According to H.E. Kjell Magne Bondevik, prime minister of Norway (1997-2000; 2001-2005), experience shows that imposing one’s will on North Korea has not been successful. Instead, he suggested taking a more positive approach, such as the “sunshine policy” initiated by former South Korean President Kim Dae-jung. He proposed that Europe take an approach based on the model of the Helsinki Accords, which led to dialogue and agreements on economic and security cooperation and human rights during the Cold War. Similarly, North Korea could arrive at some agreements fostering development of its economy and its integration into the international community.
Dr. Karin Kneissl, the foreign minister of Austria (2017-2019), spoke of the Iran Nuclear Deal signed in Vienna in 2015 between Iran and the five permanent UN Security Council members, plus Germany and the European Union. “Once the US withdrew from the deal in 2018, North Korea concluded that the US could not be trusted,” she said. Now, after a new start in Washington, the negotiations are focusing not only on nuclear restrictions but also on Iran’s regional role in the Middle East. Europe, with nations such as Switzerland, Norway, or Russia that have far-reaching diplomatic networks on the Korean Peninsula, could play a larger role in the peace process.
Dr. Alexander Zhebin, the director of the Center for Korean Studies at the Institute of Far Eastern Studies of the Russian Academy of Sciences, noted that the reunification of Korea will require a long period of peaceful coexistence, during which economic cooperation and security guarantees can build trust between the two countries. “It is easier for North Korea to deal with middle-level powers from Europe,” he said. The EU should share its vast experience in confidence-building measures, soften the sanctions imposed on North Korea, and provide humanitarian, financial, and technical assistance, he said.
During the question-and-answer session, Dr. Kneissl said that she was doubtful an Asian Helsinki Process could be the answer in the case of the Korean Peninsula. In Europe, Dr. Zhebin added, the Helsinki Process was possible because countries recognized each other, whereas in Northeast Asia there are still territorial disputes, no mutually recognized borders, and no mutually recognized governments.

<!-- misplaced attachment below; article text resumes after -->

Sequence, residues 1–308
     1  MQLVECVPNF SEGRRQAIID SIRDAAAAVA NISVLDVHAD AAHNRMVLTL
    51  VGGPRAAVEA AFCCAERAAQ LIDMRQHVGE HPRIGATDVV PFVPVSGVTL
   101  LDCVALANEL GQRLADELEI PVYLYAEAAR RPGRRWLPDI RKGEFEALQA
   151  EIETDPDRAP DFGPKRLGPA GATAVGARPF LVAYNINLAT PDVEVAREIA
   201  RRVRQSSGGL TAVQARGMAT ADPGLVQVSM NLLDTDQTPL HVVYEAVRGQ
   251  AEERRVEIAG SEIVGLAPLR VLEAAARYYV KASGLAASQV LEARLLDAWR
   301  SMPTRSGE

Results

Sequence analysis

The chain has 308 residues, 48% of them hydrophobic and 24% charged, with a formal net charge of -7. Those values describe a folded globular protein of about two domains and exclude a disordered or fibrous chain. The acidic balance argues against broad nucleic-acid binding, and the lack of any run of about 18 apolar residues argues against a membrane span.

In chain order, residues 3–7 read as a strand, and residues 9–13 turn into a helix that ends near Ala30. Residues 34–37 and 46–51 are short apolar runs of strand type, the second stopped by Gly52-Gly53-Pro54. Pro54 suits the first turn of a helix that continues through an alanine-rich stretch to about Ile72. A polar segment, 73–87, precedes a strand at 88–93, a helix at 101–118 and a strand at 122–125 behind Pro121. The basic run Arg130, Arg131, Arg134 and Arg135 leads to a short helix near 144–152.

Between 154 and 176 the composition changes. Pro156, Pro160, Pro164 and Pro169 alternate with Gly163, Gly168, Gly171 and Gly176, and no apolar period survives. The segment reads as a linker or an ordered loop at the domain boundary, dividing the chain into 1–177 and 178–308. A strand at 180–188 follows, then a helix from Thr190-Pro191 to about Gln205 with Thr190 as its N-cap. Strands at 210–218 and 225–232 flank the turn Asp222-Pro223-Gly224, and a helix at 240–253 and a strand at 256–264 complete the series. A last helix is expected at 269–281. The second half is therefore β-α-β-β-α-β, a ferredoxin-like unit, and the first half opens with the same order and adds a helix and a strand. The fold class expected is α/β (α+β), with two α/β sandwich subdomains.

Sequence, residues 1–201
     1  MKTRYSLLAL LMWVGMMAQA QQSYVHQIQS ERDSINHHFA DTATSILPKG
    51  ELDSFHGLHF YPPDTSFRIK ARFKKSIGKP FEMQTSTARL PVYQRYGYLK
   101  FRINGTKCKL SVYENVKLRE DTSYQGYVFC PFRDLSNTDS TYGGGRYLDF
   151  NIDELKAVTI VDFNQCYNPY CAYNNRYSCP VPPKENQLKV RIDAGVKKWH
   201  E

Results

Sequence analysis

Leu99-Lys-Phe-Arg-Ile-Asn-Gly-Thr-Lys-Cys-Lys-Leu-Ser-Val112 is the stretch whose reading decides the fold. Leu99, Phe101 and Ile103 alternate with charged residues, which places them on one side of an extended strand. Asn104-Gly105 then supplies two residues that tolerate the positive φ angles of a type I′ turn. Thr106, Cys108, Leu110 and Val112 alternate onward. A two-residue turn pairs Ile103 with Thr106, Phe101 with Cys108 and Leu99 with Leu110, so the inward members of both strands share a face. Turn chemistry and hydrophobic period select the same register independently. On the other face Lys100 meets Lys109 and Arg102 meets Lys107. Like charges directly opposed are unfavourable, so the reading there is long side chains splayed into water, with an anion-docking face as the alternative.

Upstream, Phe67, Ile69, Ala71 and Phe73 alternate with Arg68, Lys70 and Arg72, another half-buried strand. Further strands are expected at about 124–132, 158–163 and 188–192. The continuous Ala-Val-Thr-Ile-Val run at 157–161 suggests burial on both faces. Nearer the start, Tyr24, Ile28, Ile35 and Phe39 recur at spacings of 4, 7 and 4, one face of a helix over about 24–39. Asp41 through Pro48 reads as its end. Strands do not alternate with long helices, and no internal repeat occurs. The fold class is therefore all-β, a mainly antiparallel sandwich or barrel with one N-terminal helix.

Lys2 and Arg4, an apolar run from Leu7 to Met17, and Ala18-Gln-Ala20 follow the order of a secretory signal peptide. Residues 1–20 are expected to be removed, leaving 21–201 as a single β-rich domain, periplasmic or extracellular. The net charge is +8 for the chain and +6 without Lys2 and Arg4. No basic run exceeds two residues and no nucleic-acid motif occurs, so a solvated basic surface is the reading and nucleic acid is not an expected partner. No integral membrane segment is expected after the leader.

In closing, Mr. Brann referred to all the changes and developments occurring in Northeast Asia, and said that it was crucial that Europe fully recognizes their implications and does everything in its power to help bring peace in the region.
April 29, 2021 – 14:30 CET
Theme: “The Forgotten Pain of a Divided People – New Prospects for Peace and Reconciliation on the Korean Peninsula”
The webinar was introduced by the moderator, Rabbi Kevin De-Carli from Switzerland, president of the GIIA (Geneva Interfaith Intercultural Alliance) Interfaith Youth Council, who called on the speakers to make their initial statements.
Rev. Dr. William McComish, dean emeritus of St. Peter’s Cathedral in Geneva, Switzerland, described how the Koreans, being from a family-oriented culture, suffered greatly after their families were divided by the Korean War in 1950. Yet, it is a crime that has been forgotten by the world. One reason for this is that Korea was much less known than Japan or China. Moreover, many inside and outside Korea want to preserve the status quo for their own interests. “Unification will bring challenges, which many people are reluctant to face,” he said.
Ms. Batool Subeiti, a peace activist and young Islamic faith leader from Birmingham, United Kingdom, emphasized that the problem should be tackled at the root. “Reunification should be undertaken by the same actors that caused the division, namely the great powers,” she said. “And for NGOs to contribute, more political freedom and an easier access to the North are needed, allowing twin villages to be created on both sides and marriages between them encouraged.”
Hon. Ján Figeľ from Slovakia, a former EU commissioner and special rapporteur on freedom of religion and belief outside the EU, stressed the role of Europe as an inspirational model for many countries in the world. European unity began as the dream of a few people, then became the desire of many, and today is a necessity. To promote Korean unification, leaders offering an inspirational example are needed—not necessarily political leaders. The three-step pattern of “dream, desire, necessity” also can be applied on the Korean Peninsula.
Ms. Emina Frljak, a peace activist and coordinator of Youth for Peace in Bosnia and Herzegovina, gave the perspective of a young person from a nation that is still divided, with a frozen conflict still prevalent despite the declared peace. “The reconciliation in Korea should never be imposed, and the interests of the Korean people should always be considered a priority,” she insisted. “Faith and spirituality can be a healing point,” she added.